Travel firms’ shares hammered amid Ebola crisis

Travel firms' shares hammered amid Ebola crisisImage via Shutterstock

Travel and tourism shares took a hammering yesterday after a Spanish nurse became the first European to test positive for the Ebola virus.

Airlines, tour operators and hotels were marked sharply lower on the London Stock Exchange in reaction to the news that the deadly virus which has killed 3,400 in west Africa had reached Europe.

British Airways, Iberia and Vueling parent International Airlines Group was hit hardest, with shares plunging by 25¾p to 345½p.

EasyJet lost 78p to £13.89 following a period of improved stock market performance.

Carnival Corporation, the world’s biggest cruise ship operator, fell 167p to £23.28 and InterContinental Hotels slid 85p to £22.44.

Shares in Royal Caribbean and Norwegian also slumped on the New York Stock Exchange.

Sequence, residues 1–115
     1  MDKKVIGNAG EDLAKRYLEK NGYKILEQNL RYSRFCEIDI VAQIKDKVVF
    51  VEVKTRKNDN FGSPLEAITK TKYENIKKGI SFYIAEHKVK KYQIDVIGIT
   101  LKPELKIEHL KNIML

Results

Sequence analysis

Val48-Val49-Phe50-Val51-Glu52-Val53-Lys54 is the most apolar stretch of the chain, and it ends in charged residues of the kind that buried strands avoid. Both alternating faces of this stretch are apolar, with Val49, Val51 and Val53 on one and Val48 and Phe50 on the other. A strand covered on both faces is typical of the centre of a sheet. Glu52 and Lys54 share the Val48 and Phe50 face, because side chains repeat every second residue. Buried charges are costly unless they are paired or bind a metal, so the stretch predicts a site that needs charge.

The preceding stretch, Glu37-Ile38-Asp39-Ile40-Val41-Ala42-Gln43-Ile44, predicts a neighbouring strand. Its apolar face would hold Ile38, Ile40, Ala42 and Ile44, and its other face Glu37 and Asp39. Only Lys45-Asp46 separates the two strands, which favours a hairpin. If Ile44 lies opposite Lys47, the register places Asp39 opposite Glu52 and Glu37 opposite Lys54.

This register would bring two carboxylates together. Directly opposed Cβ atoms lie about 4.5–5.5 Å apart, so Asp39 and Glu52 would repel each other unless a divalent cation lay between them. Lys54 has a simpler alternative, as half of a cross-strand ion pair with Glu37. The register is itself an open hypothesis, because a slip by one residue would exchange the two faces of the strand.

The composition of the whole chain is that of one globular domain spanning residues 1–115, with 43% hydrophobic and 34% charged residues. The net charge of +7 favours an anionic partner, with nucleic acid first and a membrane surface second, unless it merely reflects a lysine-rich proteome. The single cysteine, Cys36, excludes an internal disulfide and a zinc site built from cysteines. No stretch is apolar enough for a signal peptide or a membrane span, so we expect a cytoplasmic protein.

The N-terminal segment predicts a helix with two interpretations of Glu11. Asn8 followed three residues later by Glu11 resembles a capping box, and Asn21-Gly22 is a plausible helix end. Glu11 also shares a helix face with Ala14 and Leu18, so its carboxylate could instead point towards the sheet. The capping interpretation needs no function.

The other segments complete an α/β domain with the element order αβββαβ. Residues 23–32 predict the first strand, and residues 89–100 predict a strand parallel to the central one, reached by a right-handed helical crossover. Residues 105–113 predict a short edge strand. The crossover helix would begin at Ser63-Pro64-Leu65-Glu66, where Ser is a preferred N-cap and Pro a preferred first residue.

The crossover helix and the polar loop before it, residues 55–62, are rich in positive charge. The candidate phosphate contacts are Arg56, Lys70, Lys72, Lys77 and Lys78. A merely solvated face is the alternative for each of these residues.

Thomson and First Choice owner Tui Travel was marked 15¼p lower to 382p and Thomas Cook dropped 6½p to 112½p.

Investors took fright despite reassurance from JP Morgan analysts that Ebola, which is spread through contact with infected body fluids, was not a “material risk” unless it became airborne, theTelegraph reported.

The SARS outbreak in 2003 shook airline shares, but investors should not expect Ebola to have the same impact, according to the broker’s experts.

“Any comparisons with SARS are misplaced, in our view, given that SARS was an airborne illness relatively easy to contract, and balance sheets were considerably weaker at that time from the aftermath of 9/11,” the analysts said.

Sourced from Travel Weekly

Advertisements


Leave a Reply

Fill in your details below or click an icon to log in:

WordPress.com Logo

You are commenting using your WordPress.com account. Log Out / Change )

Twitter picture

You are commenting using your Twitter account. Log Out / Change )

Facebook photo

You are commenting using your Facebook account. Log Out / Change )

Google+ photo

You are commenting using your Google+ account. Log Out / Change )

Connecting to %s